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January 30, 2011 9:25 AM   Subscribe

if I'm looking through a library... does being published with Springer Verglag mean that the research is legit, and does being published with Nova Publishers mean that it isn't?
posted by moorooka to Science & Nature (6 answers total)
 
It depends on a number of factors though publisher can be one of them. The reputation of the author in a field, citations of a journal or book, peer review, quality of the research. I suggest asking your librarian if you have a specific title in mind, or more guidance in general.

Libraries spend a lot of money on Springer... but that doesn't mean you don't need to consider a number of other criteria to determine the credibility of a given work.
posted by wingless_angel at 9:34 AM on January 30, 2011


Googling "Nova Publishers peer review" suggests that Nova doesn't actually use a peer review process. So you might get a quality book or article from Nova, there will likely be far more noise than signal using this publisher. I wouldn't trust Nova over more reputable journal publishers who use a review process.
posted by bessel functions seem unnecessarily complicated at 9:40 AM on January 30, 2011


Springer(-Verlag) has a pretty excellent reputation, in Mathematics, at least.
posted by yeolcoatl at 9:50 AM on January 30, 2011


I know at my library we stopped really looking at stuff from Nova because it wasn't typically research oriented enough for our collection, and was often repackaged or not worth our time to process. Springer, for all their warts and price, is a no-brainer.

I wouldn't say that Nova doesn't publish legit stuff at times, but it's got more signal to noise. (What type of research are we talking?)
posted by kendrak at 11:40 AM on January 30, 2011


Springer-Verlag's scientific monographs are (at least for the lines I am familiar with) peer-reviewed. The Largely Mythological Husband has been a peer reviewer for some MSes in his field, as has at least one of my exes. Now, sometimes peer reviewers pass research that later turns out to be flawed, but a Springer-Verlag book has passed that level of scrutiny before it makes it to market.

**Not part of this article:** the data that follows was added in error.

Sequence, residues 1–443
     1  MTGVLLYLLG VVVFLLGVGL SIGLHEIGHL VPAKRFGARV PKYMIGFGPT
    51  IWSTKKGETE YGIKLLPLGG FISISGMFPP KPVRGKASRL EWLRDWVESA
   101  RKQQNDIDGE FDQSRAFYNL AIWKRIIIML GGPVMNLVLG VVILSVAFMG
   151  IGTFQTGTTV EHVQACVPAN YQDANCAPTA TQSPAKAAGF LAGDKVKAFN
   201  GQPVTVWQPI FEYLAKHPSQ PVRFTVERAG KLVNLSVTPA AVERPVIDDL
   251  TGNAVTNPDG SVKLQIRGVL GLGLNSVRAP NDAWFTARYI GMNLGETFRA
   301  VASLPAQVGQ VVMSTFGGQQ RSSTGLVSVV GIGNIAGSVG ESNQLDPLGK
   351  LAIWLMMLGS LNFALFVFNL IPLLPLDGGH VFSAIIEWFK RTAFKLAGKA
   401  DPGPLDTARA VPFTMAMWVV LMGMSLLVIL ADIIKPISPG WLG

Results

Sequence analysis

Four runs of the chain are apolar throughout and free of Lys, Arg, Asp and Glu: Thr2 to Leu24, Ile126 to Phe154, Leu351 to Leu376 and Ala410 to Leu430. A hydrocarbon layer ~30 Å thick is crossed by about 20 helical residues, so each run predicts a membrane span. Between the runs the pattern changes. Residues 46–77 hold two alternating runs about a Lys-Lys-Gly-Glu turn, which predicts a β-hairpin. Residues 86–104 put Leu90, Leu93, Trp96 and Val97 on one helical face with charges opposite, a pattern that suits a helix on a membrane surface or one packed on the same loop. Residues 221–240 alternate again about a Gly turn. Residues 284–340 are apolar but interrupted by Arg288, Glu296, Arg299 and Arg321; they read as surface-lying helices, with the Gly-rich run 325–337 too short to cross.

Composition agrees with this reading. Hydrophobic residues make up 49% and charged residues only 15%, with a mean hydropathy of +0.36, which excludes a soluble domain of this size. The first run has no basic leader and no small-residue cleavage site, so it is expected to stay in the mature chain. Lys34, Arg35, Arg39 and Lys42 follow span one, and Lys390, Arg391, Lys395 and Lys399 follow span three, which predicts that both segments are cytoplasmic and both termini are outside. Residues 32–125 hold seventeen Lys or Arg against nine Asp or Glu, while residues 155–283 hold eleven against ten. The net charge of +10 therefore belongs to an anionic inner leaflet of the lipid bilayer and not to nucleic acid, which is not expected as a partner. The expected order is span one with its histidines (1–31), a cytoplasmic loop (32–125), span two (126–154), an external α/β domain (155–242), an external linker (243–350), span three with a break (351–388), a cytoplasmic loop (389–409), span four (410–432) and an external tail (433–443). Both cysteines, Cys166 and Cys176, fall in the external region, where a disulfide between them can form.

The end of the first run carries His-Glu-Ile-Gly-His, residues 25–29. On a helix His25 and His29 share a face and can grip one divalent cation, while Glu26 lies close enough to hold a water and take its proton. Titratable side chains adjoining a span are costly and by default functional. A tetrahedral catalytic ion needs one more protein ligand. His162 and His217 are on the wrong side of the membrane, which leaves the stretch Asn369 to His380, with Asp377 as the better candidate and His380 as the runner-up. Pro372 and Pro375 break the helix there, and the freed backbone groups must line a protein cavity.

Nova Publishers does not have that level of scrutiny built into their process. Which does not mean that some people with excellent data but with a degree of naivete about the relative status of different publishers don't choose to publish with them; it's just that the peer review happens largely on the consumer end, and therefore the noise-to-signal ratio is much much higher, as bessel functions says.
posted by Sidhedevil at 1:49 PM on January 30, 2011


There seems to be a particular line of Springer-Verlag texts that are more like vanity press self-publishing than real peer-reviewed science. I read Theoretical Introduction To Programming, published by Springer for $65, and it clearly had not been reviewed by even the most basic editor. Full of typos and botched syntax, it seemed like a collection of poorly-thought-out first-drafts of blog posts on various programming subjects. (One reason was the author's insistence on making every chapter exactly one full page; he'd meander three-fourths of the way and then frantically speed up.) You really can't be sure of the quality based only on the publisher. I concluded that the price is a good indication: inexpensive Springers are likely to be better since they're intended for a mass audience of textbook-buying students.
posted by Harvey Kilobit at 4:22 PM on January 30, 2011


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